I used to listen to audiobooks, sometimes, about 15 years ago. They were great for driving, or doing one of those household chores that takes lots of time but not much brain. My problem with them was–the readers weren’t good.
I eventually stopped listening to them, because the good ones were so rare I couldn’t justify the expense. I’ve recently started again, because my job has been moved to a town slightly more than an hour’s drive away, and I hate the morning radio around here. Sometimes I listen to music, but I’ve rediscovered audiobooks as well.
And, boy, have they changed!
I’ve just finished listening to the first four of John Scalzi’s Old Man’s War novels. I liked both readers–they were unobtrusive, stayed in character and kept me entertained all the way to work. As a side bonus, I’ve found that the audiobooks keep me more focused during the drive. When I listen to music, I have a tendency to drift away and start plotting stories.
Not something you want happening when driving at 60 mph on a windy road with loads of traffic coming in the other direction.
The truly cheering part is that there are audiobooks available in my genre, MM erotic romance. I listened to Cut & Run at the beginning of October, and have the second one queued up to listen to next. It’s a great way to keep on top of what’s going on in my genre, even though my reading time is now severely curtailed by this humongous drive. I think I might try Adrien English next, because he’s an old favourite, unless I’m feeling kind of grimdark, in which case, I will listen to Joe Abercrombie (who is not, by the way, MM romance, but gritty fantasy. I’m an equal opportunity kind of girl). But it’s good to see our books getting this treatment. Not only is it another way people in the same situation as me can enjoy the stories without having to lose sleep to do it, but it’s another revenue stream for authors if it takes off and a step towards being treated with the same respect that authors in other genres already enjoy.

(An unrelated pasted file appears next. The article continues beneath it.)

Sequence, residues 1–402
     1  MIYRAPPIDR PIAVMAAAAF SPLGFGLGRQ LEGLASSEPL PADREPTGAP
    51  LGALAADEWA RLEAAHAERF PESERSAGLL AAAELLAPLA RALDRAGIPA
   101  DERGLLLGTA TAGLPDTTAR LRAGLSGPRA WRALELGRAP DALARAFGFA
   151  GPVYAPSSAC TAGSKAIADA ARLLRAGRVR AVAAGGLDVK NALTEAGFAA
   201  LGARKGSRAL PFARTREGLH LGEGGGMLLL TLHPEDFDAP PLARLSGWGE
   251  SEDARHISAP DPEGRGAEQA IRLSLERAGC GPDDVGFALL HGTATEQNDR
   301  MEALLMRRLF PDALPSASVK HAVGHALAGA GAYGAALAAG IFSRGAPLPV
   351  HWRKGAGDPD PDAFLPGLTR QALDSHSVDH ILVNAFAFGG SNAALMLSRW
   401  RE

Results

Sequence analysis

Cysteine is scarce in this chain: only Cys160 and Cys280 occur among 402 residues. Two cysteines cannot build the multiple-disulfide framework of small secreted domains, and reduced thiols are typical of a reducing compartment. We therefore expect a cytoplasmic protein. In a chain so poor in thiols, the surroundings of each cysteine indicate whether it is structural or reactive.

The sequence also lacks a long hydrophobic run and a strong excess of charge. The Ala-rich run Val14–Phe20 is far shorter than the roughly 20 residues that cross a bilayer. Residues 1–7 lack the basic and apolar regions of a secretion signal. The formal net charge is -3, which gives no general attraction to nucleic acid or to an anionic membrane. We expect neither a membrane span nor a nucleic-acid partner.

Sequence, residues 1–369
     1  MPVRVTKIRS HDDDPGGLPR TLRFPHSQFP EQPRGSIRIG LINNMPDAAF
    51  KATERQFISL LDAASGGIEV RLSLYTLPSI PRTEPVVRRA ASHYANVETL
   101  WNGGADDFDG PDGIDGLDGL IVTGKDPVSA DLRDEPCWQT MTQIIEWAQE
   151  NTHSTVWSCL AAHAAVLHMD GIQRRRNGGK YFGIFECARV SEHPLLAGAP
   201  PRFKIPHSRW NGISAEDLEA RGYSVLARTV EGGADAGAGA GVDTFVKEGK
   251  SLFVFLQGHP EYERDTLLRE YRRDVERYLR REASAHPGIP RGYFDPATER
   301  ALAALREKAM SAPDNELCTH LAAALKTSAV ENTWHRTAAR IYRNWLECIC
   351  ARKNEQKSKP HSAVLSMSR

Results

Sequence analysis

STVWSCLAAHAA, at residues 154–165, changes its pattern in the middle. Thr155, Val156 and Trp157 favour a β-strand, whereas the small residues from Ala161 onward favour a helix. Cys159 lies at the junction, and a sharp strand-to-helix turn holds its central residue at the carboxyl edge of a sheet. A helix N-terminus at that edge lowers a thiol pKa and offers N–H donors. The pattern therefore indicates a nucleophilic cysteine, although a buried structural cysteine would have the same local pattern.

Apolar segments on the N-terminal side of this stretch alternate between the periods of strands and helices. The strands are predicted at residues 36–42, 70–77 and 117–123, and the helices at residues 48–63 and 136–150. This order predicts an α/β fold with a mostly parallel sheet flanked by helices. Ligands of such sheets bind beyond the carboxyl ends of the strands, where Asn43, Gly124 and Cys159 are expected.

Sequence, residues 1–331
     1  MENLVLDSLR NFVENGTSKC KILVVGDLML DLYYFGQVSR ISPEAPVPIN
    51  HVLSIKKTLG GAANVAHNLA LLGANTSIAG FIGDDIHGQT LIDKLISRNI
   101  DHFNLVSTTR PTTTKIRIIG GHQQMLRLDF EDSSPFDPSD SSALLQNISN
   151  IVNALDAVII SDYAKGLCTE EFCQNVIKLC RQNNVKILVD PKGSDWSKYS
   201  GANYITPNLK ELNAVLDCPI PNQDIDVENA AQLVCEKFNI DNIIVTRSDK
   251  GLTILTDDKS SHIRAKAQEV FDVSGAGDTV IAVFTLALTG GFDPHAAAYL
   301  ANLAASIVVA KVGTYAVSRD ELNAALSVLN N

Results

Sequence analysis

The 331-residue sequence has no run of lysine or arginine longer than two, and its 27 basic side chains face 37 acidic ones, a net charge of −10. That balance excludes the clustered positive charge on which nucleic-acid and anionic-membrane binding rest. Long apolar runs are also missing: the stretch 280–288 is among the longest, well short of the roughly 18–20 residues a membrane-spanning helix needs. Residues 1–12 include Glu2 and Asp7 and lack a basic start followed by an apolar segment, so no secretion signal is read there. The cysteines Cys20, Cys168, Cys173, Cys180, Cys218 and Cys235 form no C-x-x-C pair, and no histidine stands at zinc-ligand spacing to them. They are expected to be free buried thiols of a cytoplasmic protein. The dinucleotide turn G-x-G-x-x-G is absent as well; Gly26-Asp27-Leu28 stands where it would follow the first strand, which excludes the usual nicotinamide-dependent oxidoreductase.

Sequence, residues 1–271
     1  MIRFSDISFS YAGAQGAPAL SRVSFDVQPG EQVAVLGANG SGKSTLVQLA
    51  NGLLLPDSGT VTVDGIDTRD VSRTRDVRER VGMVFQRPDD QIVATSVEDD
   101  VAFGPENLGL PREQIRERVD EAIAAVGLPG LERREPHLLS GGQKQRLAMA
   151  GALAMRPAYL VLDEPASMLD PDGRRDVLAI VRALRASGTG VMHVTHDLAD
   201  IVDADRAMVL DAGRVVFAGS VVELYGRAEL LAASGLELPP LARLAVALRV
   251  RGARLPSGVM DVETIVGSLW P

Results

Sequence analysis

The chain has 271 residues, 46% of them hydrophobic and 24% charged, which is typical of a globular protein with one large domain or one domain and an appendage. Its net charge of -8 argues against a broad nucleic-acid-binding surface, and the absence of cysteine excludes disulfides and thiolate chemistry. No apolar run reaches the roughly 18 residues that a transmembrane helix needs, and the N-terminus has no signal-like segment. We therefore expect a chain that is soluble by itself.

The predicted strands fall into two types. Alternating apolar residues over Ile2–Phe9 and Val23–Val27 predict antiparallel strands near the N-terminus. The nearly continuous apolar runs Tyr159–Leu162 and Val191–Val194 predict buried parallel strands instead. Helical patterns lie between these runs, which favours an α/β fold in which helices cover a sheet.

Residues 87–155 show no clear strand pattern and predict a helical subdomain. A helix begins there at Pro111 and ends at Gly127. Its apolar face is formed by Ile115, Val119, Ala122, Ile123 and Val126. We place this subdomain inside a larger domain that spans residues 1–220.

I have to admit, though–I’m still kind of scarred by my history with audiobooks. Are they all as good as the ones I’ve already listened to? Any I should stay away from? A reader that can always be counted on? I’m thinking of getting an Audible subscription, but like anyone out there, I don’t want to waste my credits. (PS. I’ve added links to the pictures, if you want to check out the stories, or Audible, yourself.)
Okay, enough dilly-dallying and procrastinating–back to the Christmas story.